Does the 2020 election "really matter"?
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Does the 2020 election “really matter”?

“This time, it really matters”

That’s the line one hears over and over again from political veterans of both parties as they talk about this year’s presidential contest in Pennsylvania.

Despite the thousands of hours spent by party leaders, campaign staff, and volunteers, and a seemingly endless parade of candidates and their surrogates every four years, Pennsylvania has long been a bit of an afterthought in races for the White House.

The reason is not complicated:  for two generations it has been assumed that a Republican carrying Pennsylvania has already won nationally by a comfortable margin, while a Democrat struggling in the Keystone State faced almost certain defeat across the country.

This was not unreasonable.  Not since Tom Dewey in 1948 had a Republican carried Pennsylvania while losing nationally—but all that changed in 2016, when three Rust Belt states assumed to be securely Democratic cast their votes for Donald Trump.

What that means for 2020 in Pennsylvania, as in Michigan and Wisconsin, is easy to summarize:  a presidential campaign conducted with extraordinary intensity.

Some signs of that will be obvious.  Traditional airwaves will be flooded with campaign commercials well before Labor Day.  In passing, by the way, I extend my sympathy to any candidate for any other office—Congress, Attorney General, and so on—who imagines that their message will somehow cut through the bedlam of presidential ads this fall.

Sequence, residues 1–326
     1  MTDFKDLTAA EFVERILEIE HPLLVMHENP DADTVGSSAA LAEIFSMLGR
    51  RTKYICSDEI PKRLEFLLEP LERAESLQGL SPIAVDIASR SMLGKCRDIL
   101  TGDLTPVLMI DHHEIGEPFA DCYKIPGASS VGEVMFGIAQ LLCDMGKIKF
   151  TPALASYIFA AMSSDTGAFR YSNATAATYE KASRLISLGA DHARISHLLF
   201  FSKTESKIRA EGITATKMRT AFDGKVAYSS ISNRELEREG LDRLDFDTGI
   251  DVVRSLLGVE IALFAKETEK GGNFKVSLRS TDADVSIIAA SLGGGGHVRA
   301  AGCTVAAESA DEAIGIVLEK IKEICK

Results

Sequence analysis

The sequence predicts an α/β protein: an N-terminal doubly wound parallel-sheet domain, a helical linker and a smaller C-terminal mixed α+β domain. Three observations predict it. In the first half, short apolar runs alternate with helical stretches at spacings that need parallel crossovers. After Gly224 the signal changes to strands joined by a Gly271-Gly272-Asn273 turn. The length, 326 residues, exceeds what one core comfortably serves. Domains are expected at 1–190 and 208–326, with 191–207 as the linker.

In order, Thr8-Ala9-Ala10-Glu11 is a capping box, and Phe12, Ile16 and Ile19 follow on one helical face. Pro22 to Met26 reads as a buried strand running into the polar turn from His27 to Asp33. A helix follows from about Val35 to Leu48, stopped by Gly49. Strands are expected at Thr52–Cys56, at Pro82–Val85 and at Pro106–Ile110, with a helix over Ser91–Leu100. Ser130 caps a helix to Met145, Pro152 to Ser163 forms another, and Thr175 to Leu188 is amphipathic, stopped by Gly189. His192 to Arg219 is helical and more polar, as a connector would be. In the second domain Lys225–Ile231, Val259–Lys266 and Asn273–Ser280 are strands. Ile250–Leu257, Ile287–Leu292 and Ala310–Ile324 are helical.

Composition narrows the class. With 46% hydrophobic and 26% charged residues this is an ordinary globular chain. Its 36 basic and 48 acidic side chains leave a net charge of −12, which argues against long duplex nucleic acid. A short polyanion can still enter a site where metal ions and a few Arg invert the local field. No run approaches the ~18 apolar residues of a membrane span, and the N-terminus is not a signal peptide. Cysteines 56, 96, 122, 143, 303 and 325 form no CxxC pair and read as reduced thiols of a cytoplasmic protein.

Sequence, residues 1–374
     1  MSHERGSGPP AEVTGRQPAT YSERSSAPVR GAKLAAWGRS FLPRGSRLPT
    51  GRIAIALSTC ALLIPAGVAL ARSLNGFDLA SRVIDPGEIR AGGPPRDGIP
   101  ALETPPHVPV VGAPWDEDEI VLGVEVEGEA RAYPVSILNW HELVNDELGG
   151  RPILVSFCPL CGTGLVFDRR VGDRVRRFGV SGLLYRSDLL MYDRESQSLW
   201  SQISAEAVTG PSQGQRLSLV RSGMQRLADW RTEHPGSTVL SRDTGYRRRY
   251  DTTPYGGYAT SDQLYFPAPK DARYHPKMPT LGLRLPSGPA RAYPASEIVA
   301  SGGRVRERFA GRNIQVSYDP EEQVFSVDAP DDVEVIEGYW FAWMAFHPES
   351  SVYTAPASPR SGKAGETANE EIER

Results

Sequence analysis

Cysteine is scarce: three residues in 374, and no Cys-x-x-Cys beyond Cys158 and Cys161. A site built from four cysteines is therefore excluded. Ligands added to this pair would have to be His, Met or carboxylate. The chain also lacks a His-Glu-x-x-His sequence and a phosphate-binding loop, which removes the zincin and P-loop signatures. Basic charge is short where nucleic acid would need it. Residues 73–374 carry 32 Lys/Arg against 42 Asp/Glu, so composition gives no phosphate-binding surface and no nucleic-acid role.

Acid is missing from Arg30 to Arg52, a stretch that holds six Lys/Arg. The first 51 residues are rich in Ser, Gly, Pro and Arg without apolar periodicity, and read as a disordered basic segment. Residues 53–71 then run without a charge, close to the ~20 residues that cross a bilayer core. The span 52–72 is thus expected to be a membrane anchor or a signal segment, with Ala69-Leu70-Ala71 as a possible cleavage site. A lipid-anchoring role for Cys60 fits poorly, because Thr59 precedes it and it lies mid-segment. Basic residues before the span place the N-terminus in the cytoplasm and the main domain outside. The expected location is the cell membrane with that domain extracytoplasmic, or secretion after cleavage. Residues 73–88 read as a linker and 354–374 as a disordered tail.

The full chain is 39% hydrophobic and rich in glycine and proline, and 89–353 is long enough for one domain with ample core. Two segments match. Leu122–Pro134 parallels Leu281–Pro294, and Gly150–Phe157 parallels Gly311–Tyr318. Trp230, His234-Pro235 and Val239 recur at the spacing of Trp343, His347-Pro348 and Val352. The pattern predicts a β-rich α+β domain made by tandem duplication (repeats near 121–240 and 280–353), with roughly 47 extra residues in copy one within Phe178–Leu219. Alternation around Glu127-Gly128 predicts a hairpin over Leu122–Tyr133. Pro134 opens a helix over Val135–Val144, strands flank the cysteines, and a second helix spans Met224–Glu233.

The new world of social media will hardly be an apolitical oasis.  Despite a ban on political advertising by Twitter, every imaginable means by which people communicate using the Internet seems certain to be saturated with messages about the presidential campaign.

Hanging over all of this is another reality.  There are unquestionably voters genuinely unsure whether they will vote to give Donald Trump another four years in the White House—and they are as common and nearly as elusive as unicorns here in Penn’s Woods.

Which means that after the campaigns have made the owners of radio and television stations wealthy, and paid for the second homes of more than a few consultants and ad-makers, they will stand or fall based on the most fundamental of political tasks:  ensuring that your supporters are registered to vote, and that they go to the polls (or at least the metaphorical polls, thanks to notably-liberalized rules on absentee voting that go into effect this year).

That effort promises to be like nothing Pennsylvania has ever seen:  new technology, old-fashioned door-knocking, and neighborhood-level canvassing coming together both to find new voters and almost certainly to drive voter turnout to levels unheard of in recent decades.  Whether they are fascinated by every twist and turn of the campaign or horrified of the entire spectacle by Memorial Day, Pennsylvania voters will be courted this year as never before.

Michael O'Connell

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